BISMARCK, N.D. (AP) — Many of North Dakota's newest legislators are already readying an assortment of proposals, which would exempt clothing from the state sales tax, boost college student tuition aid and help finance compressed natural gas fueling stations.
The North Dakota Legislature is wrapping up a three-day organizational session Wednesday, during which lawmakers receive committee assignments, desks, parking spaces and briefings on issues. Gov. Jack Dalrymple is presenting lawmakers with his spending recommendations for the state's 2013-15 budget Wednesday.
When the Legislature begins its regular business session next month, 25 of its 147 members will be new. Republicans have 10 new House members and five senators, while Democrats have seven new House members and three senators. Republicans hold two-thirds majorities in both houses of the Legislature.
Sen. George B. Sinner, D-Fargo, promised during his campaign to push an exemption for clothing from North Dakota's 5 percent sales tax, an idea that lawmakers have rejected in the last two sessions. Local governments, most of which collect sales taxes of their own, have opposed the idea.
Sinner believes the exemption is gaining support. Minnesota already exempts clothing from its state sales tax, and merchants on the North Dakota side of the Red River are put at a disadvantage, Sinner said.
Grand Forks' Scheels sporting goods store, for example, must collect sales tax on clothing, while Cabela's, a competing business in East Grand Forks, Minn., does not, he said.
"I think it's a competition issue in Fargo and some of the other border communities ... but it is also a tax break that affects everybody," Sinner said. "We all need our clothes. Everybody has to have some ... and it's an immediate impact on families."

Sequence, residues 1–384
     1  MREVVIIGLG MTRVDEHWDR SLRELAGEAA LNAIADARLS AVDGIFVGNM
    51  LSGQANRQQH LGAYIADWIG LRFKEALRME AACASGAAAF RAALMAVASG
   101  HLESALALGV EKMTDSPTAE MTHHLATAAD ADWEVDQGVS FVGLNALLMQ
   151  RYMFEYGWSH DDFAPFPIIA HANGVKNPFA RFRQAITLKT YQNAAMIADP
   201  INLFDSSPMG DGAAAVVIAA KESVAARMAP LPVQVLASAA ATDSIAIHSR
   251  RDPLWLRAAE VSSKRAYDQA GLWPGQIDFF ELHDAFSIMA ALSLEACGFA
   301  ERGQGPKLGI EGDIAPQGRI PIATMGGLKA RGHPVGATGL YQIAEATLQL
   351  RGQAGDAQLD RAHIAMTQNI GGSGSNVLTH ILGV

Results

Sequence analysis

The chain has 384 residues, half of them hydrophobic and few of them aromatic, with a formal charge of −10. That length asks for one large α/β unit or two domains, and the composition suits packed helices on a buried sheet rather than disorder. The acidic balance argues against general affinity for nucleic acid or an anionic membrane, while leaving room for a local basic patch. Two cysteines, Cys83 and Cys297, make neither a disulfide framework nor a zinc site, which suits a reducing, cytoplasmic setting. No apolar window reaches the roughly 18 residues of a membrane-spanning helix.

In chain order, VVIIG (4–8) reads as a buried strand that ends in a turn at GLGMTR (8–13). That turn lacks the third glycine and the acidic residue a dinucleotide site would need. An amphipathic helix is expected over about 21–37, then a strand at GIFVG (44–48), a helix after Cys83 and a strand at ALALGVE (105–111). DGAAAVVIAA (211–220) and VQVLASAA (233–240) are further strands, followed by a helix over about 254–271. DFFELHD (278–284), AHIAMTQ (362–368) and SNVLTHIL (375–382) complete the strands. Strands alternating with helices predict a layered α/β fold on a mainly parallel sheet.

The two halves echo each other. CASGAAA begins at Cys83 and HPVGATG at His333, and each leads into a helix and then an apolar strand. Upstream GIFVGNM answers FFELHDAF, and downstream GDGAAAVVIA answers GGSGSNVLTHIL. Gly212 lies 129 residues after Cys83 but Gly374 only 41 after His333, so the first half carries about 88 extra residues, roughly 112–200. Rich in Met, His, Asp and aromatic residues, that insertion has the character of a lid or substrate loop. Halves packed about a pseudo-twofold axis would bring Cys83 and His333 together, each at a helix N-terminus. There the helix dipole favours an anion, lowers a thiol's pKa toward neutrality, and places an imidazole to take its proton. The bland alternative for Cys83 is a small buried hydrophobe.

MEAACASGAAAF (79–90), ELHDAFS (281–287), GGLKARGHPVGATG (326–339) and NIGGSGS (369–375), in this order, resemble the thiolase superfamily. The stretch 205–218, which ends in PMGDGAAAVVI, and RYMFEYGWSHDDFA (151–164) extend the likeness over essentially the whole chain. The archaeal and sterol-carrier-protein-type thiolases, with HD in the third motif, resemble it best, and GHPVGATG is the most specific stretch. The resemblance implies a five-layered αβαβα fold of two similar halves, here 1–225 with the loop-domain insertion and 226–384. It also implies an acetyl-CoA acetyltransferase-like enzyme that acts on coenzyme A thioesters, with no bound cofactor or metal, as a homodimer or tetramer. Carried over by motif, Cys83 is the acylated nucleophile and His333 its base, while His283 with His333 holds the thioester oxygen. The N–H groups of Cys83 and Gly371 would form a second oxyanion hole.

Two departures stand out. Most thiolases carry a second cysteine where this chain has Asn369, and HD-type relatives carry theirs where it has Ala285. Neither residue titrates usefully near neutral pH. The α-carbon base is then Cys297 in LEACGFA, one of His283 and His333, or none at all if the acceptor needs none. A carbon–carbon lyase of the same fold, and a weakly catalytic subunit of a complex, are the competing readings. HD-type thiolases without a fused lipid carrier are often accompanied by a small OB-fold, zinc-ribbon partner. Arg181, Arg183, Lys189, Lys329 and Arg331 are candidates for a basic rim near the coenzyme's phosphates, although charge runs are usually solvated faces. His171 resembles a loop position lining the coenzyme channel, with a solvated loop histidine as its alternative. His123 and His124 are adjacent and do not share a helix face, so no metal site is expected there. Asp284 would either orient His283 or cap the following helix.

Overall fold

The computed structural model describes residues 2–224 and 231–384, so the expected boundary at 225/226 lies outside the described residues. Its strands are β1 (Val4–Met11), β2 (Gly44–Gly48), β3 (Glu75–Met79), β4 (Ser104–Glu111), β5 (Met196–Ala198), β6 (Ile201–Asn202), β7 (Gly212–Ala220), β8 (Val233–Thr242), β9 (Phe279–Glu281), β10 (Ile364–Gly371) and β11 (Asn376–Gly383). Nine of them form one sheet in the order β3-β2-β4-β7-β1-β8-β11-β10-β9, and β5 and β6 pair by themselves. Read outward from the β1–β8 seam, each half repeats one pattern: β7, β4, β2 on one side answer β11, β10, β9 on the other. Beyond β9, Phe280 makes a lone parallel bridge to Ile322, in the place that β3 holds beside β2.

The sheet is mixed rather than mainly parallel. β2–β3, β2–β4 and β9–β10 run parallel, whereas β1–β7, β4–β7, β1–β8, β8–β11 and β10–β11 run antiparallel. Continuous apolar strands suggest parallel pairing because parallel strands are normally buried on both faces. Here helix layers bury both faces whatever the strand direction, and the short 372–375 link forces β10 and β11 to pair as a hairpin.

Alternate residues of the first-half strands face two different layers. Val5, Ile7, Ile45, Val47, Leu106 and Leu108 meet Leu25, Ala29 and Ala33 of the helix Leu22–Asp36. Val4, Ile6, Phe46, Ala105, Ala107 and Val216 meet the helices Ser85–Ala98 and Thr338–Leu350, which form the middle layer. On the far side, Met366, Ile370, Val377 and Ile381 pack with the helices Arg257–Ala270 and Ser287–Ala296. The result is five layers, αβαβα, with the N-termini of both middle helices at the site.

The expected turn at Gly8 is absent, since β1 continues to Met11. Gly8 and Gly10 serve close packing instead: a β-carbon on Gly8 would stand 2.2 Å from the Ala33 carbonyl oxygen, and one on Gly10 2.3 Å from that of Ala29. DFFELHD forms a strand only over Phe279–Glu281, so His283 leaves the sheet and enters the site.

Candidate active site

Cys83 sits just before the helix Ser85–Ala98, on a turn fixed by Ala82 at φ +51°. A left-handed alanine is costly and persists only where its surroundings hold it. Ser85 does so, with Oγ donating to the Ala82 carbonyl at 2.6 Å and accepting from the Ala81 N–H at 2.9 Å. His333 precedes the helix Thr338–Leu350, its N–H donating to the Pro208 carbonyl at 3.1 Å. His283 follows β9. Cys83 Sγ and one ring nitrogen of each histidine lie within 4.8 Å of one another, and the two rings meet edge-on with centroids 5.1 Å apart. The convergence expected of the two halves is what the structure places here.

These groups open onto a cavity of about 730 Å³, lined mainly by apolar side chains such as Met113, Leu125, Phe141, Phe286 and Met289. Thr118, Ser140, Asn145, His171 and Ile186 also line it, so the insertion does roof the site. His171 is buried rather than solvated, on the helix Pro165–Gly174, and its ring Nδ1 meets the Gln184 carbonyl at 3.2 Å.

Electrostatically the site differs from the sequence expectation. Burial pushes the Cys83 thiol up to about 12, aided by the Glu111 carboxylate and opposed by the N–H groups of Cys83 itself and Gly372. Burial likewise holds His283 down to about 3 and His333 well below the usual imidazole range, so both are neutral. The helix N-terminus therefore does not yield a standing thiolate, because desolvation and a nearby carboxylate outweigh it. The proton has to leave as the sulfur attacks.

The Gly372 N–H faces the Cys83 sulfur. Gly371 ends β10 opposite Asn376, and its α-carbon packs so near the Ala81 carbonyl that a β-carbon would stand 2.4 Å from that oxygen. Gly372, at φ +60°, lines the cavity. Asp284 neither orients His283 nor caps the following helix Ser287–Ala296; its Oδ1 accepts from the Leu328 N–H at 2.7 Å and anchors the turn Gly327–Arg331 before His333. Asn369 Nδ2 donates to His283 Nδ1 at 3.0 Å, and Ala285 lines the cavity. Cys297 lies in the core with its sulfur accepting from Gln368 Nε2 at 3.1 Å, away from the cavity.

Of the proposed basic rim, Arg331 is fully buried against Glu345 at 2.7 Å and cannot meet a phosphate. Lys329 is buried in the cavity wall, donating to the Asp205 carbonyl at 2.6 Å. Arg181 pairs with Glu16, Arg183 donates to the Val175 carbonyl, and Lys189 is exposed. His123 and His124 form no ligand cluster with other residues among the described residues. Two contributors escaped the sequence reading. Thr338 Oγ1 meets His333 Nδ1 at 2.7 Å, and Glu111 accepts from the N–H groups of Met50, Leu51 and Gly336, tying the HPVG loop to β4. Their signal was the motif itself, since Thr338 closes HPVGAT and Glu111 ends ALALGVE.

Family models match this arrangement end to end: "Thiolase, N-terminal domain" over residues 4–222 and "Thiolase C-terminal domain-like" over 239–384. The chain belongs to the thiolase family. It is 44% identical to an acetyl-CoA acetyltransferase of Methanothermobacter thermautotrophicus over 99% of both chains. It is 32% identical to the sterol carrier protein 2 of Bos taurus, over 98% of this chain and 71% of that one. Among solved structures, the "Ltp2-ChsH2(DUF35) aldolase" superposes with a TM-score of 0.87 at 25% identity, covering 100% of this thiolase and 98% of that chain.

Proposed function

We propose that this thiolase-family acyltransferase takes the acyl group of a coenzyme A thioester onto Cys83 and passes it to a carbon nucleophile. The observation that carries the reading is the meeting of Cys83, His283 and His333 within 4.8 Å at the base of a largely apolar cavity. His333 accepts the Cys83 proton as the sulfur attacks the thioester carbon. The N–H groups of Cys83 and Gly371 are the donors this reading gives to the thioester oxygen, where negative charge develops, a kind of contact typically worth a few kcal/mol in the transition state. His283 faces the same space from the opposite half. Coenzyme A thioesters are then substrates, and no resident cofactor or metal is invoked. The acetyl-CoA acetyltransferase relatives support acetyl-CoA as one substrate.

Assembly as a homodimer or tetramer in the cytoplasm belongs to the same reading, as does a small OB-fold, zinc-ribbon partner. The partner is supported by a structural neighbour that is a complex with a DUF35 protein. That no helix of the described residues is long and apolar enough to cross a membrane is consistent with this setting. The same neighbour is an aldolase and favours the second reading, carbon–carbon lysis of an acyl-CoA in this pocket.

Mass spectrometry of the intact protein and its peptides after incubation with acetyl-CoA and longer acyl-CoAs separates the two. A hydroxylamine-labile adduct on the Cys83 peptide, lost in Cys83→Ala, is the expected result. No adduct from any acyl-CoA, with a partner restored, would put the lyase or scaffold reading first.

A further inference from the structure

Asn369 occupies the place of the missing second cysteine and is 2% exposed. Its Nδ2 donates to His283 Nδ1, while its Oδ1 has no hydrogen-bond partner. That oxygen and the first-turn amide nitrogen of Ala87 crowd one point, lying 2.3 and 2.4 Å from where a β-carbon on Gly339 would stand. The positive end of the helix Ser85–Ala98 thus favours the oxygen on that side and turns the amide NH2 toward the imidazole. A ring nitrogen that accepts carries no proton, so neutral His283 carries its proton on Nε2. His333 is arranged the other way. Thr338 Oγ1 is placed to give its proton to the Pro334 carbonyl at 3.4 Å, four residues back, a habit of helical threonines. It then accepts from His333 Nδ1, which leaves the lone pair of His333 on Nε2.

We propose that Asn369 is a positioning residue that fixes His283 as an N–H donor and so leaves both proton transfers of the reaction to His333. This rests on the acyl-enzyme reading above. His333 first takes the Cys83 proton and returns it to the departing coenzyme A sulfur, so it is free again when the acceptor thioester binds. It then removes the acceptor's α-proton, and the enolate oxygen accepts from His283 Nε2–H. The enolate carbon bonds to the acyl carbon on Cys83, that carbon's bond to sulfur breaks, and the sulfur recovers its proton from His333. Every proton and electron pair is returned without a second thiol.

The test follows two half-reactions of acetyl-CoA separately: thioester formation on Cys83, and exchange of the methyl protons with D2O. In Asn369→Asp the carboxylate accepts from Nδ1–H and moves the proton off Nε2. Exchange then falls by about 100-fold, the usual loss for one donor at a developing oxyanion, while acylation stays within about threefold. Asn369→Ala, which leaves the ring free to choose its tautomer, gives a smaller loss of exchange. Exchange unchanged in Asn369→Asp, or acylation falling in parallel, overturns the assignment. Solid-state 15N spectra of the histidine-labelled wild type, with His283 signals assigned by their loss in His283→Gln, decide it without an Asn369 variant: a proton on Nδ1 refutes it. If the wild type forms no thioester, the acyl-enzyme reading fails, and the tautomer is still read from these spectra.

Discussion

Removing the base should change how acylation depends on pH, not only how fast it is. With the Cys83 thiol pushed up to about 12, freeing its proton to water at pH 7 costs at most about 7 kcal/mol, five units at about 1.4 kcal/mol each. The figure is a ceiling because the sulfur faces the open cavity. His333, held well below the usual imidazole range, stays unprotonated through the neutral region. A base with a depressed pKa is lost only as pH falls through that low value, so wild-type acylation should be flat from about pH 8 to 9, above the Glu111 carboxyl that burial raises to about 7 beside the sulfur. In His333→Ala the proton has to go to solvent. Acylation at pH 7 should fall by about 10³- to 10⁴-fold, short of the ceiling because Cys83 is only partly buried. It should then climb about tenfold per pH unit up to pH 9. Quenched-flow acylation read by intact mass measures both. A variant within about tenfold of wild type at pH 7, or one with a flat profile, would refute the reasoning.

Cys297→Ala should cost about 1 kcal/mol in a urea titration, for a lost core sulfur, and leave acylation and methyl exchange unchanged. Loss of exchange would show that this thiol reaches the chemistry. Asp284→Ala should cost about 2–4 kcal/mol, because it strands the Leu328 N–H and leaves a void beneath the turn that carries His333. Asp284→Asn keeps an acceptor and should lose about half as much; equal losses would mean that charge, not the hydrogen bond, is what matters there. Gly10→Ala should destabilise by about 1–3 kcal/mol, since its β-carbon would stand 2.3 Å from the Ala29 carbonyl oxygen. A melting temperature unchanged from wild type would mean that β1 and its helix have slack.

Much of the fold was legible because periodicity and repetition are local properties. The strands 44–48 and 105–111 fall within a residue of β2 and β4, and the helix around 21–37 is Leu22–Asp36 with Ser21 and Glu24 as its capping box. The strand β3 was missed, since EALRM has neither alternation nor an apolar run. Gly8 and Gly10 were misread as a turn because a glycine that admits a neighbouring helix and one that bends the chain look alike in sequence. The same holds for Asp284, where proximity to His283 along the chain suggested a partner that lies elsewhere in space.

Rep. Dwight Kiefert, R-Valley City, said he is considering a bill that would provide state support to establish compressed natural gas fueling stations in North Dakota's larger cities. At present, there are only two — Montana-Dakota Utilities Co. installations in Bismarck and Dickinson, which company spokesman Mark Hanson said are seldom used.
Vast amounts of natural gas, which is a byproduct of oil production in western North Dakota's oil country, is being burned off and wasted because of slower development of pipeline networks to bring the fuel to processing plants.
Natural gas prices have also declined nationwide as production ramps up, Kiefert said, making the fuel an attractive alternative for passenger cars and trucks, as well as city buses, garbage trucks and other vehicles that are normally driven within a limited area. It costs about $2 to buy compressed natural gas that would supply the same energy as a gallon of gasoline.
"That's something we could be putting into our vehicles, but the problem is, we don't have the refueling stations," he said. "They're not just developed yet, but once they're developed, there's a lot of vehicles that could be burning it."
Setting up a station can cost $500,000 or more, Kiefert said. "We could probably speed the process (of setting up a fueling network) by about five years," he said. "They are kind of spendy to put in."
Sen. Tom Campbell, R-Grafton, said he was considering ideas that would help ease North Dakota's labor shortage. Any proposal is still a few weeks away, he said Tuesday. The state's unemployment ranks among the nation's lowest, and competition for workers has forced up wages.
"We can do everything we want here with oil or ag or whatever, and if you don't have any employees, we're spinning our wheels," Campbell said.
Sinner and freshman Sen. Tyler Axness, D-West Fargo, said they also would advocate proposals to raise state tuition aid expenditures for low-income college students, establish a scholarship endowment fund and direct the state-owned Bank of North Dakota to provide lower interest rates for student loans.
"There needs to be a lot more emphasis on the state level on making sure college is affordable," Axness said Tuesday.